Reuters: Iran has reduced natural gas exports to Turkey after Turkmenistan halted supplies to Iran, an Iranian energy official said on Tuesday. By Hossein Jaseb
TEHRAN, Jan 1 (Reuters) – Iran has reduced natural gas exports to Turkey after Turkmenistan halted supplies to Iran, an Iranian energy official said on Tuesday.
Turkmenistan’s Foreign Ministry said the export cut was a temporary measure while essential maintenance work was carried out on a pipeline. The Iranian official said he expected Turkmen deliveries to be restored by the end of the week.
Some Iranian media suggested the halt might be linked to a pricing dispute.
An Iranian news agency, Fars, said Iran had slashed its daily sales to Turkey by around 75 percent to 4-5 million cubic metres due to Turkmenistan’s move and the cold winter weather.
Iranian officials said on Monday Turkmenistan had stopped daily exports of up to 23 million cubic metres of gas to Iran.
Iranian Foreign Minister Manouchehr Mottaki said he had “strongly urged” Turkmenistan to resolve the technical problems in a phone conversation with his Turkmen counterpart.
“It is caused by the need to carry out repairs and preventative work linked to the operation of the corresponding gas pipeline,” the Turkmen Foreign Ministry said in a statement. “It is a normal technological process.”
Iran, a small net importer of gas despite its huge reserves, normally gets 5 percent of its needs from Turkmenistan and the supply disruptions caused shortages in some northern areas.
People queued for alternative fuel to heat their homes and formed long lines at bakeries because they could not cook at home, state television footage showed.
“I had to wait three hours for 20 litres of oil,” one women said in Golestan province.
“I have a one-month-old baby at home. What should I do?” one angry man said.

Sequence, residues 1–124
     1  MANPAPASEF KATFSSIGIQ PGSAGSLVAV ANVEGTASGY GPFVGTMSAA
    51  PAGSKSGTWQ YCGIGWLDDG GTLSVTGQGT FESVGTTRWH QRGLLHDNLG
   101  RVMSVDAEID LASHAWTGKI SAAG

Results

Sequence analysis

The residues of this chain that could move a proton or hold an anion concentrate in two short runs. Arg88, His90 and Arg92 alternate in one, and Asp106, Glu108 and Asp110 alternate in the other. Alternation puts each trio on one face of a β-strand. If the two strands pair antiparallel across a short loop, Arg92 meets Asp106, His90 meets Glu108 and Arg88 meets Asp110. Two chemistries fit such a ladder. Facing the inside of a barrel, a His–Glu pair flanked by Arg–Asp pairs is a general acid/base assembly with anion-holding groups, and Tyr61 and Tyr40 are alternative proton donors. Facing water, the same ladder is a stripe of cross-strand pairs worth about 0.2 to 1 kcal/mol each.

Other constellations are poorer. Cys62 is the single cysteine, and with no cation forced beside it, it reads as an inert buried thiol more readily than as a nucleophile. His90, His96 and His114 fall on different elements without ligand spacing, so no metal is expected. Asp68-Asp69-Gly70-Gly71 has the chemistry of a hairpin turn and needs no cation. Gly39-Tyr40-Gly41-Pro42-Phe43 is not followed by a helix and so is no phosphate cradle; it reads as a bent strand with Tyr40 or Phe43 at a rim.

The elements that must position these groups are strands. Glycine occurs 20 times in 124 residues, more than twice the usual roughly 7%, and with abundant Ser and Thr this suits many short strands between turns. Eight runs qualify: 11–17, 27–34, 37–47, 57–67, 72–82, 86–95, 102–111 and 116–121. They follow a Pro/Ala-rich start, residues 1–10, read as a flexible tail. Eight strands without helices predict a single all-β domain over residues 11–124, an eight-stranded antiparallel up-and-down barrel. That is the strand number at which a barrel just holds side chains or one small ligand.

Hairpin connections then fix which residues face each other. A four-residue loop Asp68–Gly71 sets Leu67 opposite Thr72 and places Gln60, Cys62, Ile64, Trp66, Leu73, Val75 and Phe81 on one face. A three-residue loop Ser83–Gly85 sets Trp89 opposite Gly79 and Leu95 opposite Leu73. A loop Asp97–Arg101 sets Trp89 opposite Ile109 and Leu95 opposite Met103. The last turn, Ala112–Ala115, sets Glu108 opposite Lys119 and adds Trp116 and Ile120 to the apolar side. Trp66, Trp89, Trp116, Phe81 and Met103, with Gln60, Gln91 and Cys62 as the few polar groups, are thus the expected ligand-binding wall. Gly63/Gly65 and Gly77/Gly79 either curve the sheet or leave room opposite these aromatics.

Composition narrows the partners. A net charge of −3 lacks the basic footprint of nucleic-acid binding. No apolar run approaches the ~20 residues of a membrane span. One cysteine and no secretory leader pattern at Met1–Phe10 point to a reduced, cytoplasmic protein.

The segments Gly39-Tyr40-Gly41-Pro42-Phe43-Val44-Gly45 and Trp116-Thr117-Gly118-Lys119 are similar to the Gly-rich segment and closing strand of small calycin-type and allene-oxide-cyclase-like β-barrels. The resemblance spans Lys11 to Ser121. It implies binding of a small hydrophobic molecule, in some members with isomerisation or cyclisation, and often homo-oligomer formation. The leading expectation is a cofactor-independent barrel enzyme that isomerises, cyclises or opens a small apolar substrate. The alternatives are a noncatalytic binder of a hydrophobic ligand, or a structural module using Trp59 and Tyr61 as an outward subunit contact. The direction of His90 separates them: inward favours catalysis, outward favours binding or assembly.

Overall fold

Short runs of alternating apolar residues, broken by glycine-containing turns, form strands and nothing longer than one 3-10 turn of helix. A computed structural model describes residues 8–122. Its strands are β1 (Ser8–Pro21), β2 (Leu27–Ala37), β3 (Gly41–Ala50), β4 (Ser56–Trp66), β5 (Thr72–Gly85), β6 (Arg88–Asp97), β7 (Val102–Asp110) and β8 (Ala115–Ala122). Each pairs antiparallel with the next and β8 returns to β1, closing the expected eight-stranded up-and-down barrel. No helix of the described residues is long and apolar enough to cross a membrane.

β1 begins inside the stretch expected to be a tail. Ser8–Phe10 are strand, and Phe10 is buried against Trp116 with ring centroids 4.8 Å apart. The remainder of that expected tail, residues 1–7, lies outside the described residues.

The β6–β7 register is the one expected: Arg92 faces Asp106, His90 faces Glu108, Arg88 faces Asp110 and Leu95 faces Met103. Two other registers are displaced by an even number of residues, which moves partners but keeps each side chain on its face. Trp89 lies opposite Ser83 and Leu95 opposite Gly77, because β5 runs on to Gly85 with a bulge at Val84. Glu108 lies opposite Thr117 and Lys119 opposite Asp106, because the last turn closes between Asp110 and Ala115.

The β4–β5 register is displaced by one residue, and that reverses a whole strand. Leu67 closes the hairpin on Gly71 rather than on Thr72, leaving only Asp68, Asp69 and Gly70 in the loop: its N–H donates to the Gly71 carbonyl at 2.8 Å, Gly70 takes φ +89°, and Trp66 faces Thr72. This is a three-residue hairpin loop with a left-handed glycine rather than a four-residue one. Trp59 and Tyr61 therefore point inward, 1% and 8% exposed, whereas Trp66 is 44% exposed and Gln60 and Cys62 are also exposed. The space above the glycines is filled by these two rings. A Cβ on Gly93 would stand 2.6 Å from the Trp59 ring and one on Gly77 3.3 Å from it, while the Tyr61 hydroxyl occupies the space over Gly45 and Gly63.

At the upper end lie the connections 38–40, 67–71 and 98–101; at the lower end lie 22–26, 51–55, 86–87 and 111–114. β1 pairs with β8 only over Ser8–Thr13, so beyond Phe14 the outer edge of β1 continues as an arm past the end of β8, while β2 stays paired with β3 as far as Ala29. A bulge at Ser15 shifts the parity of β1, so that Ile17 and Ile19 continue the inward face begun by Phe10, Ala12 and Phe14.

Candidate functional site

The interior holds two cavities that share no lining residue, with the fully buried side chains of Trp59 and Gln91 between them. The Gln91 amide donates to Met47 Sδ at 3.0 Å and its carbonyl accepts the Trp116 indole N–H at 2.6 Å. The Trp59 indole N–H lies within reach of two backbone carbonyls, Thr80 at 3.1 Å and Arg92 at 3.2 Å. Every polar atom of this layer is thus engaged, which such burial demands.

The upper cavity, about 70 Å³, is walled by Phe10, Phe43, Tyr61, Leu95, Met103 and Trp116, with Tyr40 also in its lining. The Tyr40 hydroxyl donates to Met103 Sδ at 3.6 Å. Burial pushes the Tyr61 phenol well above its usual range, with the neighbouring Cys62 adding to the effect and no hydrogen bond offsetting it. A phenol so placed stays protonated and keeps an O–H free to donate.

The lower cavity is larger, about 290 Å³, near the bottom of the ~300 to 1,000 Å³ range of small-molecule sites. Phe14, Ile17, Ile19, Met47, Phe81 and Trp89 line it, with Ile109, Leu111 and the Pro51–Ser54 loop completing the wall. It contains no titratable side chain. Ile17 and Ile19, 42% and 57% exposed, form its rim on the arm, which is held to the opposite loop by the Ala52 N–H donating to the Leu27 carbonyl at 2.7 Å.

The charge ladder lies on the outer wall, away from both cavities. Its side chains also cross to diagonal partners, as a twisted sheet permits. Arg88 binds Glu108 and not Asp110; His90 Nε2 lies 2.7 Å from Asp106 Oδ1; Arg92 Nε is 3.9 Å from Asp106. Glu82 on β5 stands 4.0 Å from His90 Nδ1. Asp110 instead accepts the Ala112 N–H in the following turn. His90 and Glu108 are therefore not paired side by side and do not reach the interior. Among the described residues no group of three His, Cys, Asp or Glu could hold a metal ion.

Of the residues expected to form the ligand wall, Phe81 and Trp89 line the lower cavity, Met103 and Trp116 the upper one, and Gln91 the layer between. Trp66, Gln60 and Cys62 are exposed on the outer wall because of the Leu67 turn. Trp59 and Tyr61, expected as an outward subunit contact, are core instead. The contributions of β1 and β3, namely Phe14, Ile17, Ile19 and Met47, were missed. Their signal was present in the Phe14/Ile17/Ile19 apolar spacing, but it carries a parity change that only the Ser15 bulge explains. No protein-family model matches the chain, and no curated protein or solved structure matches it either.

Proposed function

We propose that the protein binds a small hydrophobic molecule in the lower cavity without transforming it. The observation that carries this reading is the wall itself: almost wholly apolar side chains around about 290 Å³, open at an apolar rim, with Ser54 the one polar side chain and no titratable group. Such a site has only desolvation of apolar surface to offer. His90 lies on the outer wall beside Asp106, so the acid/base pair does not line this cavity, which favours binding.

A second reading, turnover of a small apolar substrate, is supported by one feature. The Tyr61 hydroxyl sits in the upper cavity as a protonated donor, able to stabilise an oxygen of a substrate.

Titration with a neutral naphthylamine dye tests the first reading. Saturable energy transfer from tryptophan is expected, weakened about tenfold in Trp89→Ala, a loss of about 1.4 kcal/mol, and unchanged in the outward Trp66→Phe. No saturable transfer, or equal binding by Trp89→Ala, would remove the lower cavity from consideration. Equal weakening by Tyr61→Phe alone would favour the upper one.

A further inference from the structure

Mottaki said he hoped Turkmenistan would soon resume deliveries and an official of the National Iranian Gas Company said he expected this to happen in the next few days.
“Our prediction is that, by the end of the week, gas exports from Turkmenistan to Iran would be restored,” Ebadollah Ghanbari, who heads the public relations unit of the National Iranian Gas Company, told Reuters.
Ghanbari confirmed that Iran had reduced deliveries to Turkey, without giving details: “We have had some decrease in the export of gas to Turkey.”
In November, Turkmenistan reached an agreement to raise the price on gas it delivers to Russia’s gas export monopoly Gazprom by 30 percent.
Iranian Deputy Foreign Minister Mahdi Safari said Iran and Turkmenistan had also been discussing price issues “for some time now” but that this was not related to the gas supply cut.
Turkey, which is seeking to become a regional energy transit hub, has signed a natural gas supply contract with Iran. Some European Union countries have misgivings because Iran is subject to United Nations sanctions over its nuclear programme.
Ankara is also involved in the consortium planning to build the Nabucco pipeline to take Caspian gas to Europe.
The consortium, which includes Austria’s OMV, Hungary’s MOL MOLB.BU, Bulgaria’s Bulgargaz and Romania’s Transgaz, has secured gas from Azerbaijan but also sees Iran and Turkmenistan as other possible suppliers for the route.
(Additional reporting by Zahra Hosseinian; Writing by Fredrik Dahl; Editing by Robert Woodward)